Working a Professional Fireworks Show
This wasn't the first time I've worked a professional show. I actually worked one last year, then promptly never got around to writing about it, so sorry about that, but the main question people ask there is how did I get into working professional fireworks shows once a year?
The answer is pretty simple: I answered the phone.
Laura (friend who happens to be a licensed pyro): "Kenneth. I know you like to do crazy stuff. My friend needs more hands to work a fireworks show. Would you be interested?"
Me: "Yes. yes. Matter of fact, yes I would. Dear god, yes. Yes."
Fast forward to this year, and she hadn't heard anything too terrible about my performance last year, so she invited me to work the City of Cupertino show with her this year, which is what I'm detailing here.
Due to the limited size of the field we were firing this show in, the show was limited to 3" shells, so they weren't going to be going particularly high, but we were making up for it in shear quantity. 950 loose shells, plus another 150 in "cakes," which are 25 shell clusters that just fire one after another, generally as the final crescendo to and during the finale.
Before loading them in the guns, we place them on top of each gun for the inevitable shuffling of shells when we come up short of one kind and have a long string of the same kind or color in one of the blocks which would be visually boring. Swapping some of these for some of those in the next block, etc etc.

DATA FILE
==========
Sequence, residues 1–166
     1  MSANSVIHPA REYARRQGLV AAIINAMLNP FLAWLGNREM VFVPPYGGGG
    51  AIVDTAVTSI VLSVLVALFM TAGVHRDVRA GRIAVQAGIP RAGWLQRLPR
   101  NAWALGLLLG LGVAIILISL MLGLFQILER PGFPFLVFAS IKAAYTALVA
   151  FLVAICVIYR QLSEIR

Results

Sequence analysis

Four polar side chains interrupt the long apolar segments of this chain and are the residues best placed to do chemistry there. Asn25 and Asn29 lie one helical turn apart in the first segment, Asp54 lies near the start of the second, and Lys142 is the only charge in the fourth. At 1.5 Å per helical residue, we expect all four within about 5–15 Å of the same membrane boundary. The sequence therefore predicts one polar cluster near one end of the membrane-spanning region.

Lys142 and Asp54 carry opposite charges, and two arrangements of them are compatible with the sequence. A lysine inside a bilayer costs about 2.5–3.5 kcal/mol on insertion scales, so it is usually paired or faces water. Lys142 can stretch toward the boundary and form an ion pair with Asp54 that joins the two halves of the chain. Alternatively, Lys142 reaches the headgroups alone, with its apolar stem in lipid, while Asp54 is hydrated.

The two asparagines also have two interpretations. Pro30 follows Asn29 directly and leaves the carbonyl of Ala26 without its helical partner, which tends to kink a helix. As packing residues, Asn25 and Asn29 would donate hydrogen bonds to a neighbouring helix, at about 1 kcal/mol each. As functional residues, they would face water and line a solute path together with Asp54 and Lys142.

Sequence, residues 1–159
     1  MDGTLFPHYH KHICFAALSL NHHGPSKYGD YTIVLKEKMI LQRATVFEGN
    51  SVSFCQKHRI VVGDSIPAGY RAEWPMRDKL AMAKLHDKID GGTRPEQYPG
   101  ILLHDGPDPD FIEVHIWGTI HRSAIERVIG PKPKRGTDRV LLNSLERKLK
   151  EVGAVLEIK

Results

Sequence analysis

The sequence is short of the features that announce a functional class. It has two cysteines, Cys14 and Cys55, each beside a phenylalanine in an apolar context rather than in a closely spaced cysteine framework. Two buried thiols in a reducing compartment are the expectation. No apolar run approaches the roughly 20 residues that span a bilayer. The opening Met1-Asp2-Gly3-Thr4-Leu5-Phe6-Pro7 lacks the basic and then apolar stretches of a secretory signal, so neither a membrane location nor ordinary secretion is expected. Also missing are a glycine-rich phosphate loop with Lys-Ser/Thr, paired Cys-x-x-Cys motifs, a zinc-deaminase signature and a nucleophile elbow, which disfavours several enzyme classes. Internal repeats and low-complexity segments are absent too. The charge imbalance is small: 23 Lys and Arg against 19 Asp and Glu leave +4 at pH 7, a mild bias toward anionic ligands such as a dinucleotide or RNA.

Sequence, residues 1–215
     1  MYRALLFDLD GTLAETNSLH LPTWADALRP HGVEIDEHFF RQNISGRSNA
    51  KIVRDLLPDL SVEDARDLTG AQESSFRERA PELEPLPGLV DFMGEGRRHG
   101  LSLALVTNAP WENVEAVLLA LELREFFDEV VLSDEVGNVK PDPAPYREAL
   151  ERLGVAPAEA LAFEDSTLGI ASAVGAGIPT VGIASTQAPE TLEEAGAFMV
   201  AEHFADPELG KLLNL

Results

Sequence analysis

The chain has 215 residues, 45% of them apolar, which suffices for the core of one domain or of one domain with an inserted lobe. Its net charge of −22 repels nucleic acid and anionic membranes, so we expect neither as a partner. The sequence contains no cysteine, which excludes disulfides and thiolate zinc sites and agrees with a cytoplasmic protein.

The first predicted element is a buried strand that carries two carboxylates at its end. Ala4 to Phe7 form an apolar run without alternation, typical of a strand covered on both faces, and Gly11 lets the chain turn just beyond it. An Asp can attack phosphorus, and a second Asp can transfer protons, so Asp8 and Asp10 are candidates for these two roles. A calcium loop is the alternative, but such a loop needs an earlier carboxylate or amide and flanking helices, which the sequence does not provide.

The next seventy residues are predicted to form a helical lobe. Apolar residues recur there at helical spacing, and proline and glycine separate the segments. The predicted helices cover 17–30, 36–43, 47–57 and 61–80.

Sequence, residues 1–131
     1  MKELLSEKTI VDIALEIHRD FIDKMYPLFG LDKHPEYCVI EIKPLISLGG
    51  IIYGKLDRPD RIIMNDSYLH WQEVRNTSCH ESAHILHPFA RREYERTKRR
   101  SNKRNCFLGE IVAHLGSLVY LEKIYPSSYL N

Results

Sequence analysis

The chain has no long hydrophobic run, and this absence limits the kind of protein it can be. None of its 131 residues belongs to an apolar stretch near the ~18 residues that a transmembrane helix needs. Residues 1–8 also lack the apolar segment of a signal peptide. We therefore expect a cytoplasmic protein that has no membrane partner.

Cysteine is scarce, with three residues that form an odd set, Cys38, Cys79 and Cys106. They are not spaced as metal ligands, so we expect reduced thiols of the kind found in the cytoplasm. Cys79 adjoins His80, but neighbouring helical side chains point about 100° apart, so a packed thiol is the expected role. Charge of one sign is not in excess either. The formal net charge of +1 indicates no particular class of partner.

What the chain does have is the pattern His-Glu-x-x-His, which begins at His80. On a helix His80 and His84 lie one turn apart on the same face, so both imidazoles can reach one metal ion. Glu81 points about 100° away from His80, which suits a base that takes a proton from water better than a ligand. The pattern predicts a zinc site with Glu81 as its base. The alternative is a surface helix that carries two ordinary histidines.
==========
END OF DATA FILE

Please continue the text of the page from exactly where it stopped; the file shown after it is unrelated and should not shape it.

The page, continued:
Notice how each shell is pre-wired for both electronic firing via wire (which is what this show is using) and manual firing via the quick match fuse.
Of course, we had several opens (see channel 3 in the photo above), so it was several iterations of checking the panel, noting down the open channels, turning off the panel, running out and finding the broken wires, fixing them, then clearing the field, then checking the panel, and figuring out which other wires we broke during the last round, etc. etc.
Yes. That is a photo of my hand, with a road flare. I was picked to set off the two starter shells, so I got to walk out into the middle of a lawn, filled with explosives wired to go off, light a road flare, and touch it to the first two fuses.
You know, when I put it like that... it really makes you ponder the life decisions that have gotten you to the place where you stand...
it was a pretty good view...
So then the show is over, and we need to go clean up the little mess we've made in the middle of some grounds keeper's pride and joy setting off 1100 explosives.
Poke a stick into each tube, check to see that it's empty, and pour out the shells that are still left and collected them in a pile. I know. Very technical.
Of course, getting another truck out here which is placarded and licensed to transport 1.3G explosives for just the six duds we had would be a bit of a waste of time, particularly when we've got 950 perfectly good launching tubes already set up, a fire marshal who's being a good sport, and 15 pyros who came to set off some fireworks.
Remember how each shell is both wired for electronic and manual firing? This is when the manual fuse comes in handy for setting off these six duds. This is also where I was handed a second flare and sent out to fire off another six shells manually. I mean, I don't mind, but I'm starting to suspect there's some not-in-their-20s self-preservation impulse for everyone else that kept resulting in me being the only volunteer for the manual shots...
Have you ever wondered why shows set off a few fireworks about a half hour after the show ends? This is why. They were just missed during the show and the operator really doesn't want to have to carry them home.